I'm posting this because there might be one, just one person searching on the Internet for the answer to this at some point in the future. Really, most all of you can ignore this post.
I re-installed Windows XP home on to an old Toshiba Satellite Pro 4600 laptop computer and everything seemed to go really well save for the wireless (wi-fi) connection. Although the driver seemed to install on its own and there were no issues in the device manager, the darn thing would never see a wireless network, even though there were wireless networks out there. It would always give the message "no wireless networks were found in range" even with the switch on the side of the computer on and the orange light lit by the switch.
I searched everywhere and found some people with similar problems, but no Windows XP solutions posted. I got it to work with a couple of seemingly un-related-to-the-wireless-card downloads from Toshiba. Here's the fix:
Download each of these:http://cdgenp01.csd.toshiba.com/content/support/downloads/s18274acpx.exe
(This software is the foundation for the other Toshiba-provided utilities and power management software, and must be installed prior to installing other Toshiba software. Some Toshiba applications may refer to this as TVALD (for Toshiba Value-Added Logic Device).)http://cdgenp01.csd.toshiba.com/content/support/downloads/s18274utl2.exe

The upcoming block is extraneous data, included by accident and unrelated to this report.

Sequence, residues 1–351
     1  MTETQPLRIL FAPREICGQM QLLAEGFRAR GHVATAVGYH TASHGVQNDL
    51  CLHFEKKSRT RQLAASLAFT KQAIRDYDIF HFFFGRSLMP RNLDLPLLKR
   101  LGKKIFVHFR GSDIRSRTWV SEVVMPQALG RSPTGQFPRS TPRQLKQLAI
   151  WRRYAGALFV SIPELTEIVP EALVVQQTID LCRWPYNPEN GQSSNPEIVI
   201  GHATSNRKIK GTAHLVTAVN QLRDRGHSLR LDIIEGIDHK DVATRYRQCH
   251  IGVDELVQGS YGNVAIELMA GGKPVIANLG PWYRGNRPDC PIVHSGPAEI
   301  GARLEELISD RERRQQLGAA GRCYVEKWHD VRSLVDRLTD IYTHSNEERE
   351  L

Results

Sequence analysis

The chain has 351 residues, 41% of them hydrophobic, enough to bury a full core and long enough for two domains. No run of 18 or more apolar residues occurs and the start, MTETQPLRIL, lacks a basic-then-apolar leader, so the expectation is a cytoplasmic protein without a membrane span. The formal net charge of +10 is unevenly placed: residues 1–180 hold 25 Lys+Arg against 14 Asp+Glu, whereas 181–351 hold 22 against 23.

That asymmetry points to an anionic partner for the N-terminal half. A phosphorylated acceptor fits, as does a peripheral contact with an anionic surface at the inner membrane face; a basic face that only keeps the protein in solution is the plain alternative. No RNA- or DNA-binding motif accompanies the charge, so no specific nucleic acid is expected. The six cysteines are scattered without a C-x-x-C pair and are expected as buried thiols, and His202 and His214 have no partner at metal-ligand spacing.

(Toshiba Utilities provide the HWSetup application and the FnEsse task switcher application.)
I'm pretty sure I had the card switch off -- no idea if it matters.
Install the first download. Restart when prompted. Install the second download. Restart even though you're not prompted to at the end.
Turn the switch on, and watch the magic as your wireless card now detects networks.
To be honest, I don't even know if the second download is necessary, but I know what I did and I know it works now, so there.
Edited to add:
I couldn't connect to my secured home network -- it looks like, though, that the driver is really old and perhaps can't handle the newer security methods used nowadays. I'm going to find an unsecured (public) wi-fi spot to try it out -- I'm thinking it'll work.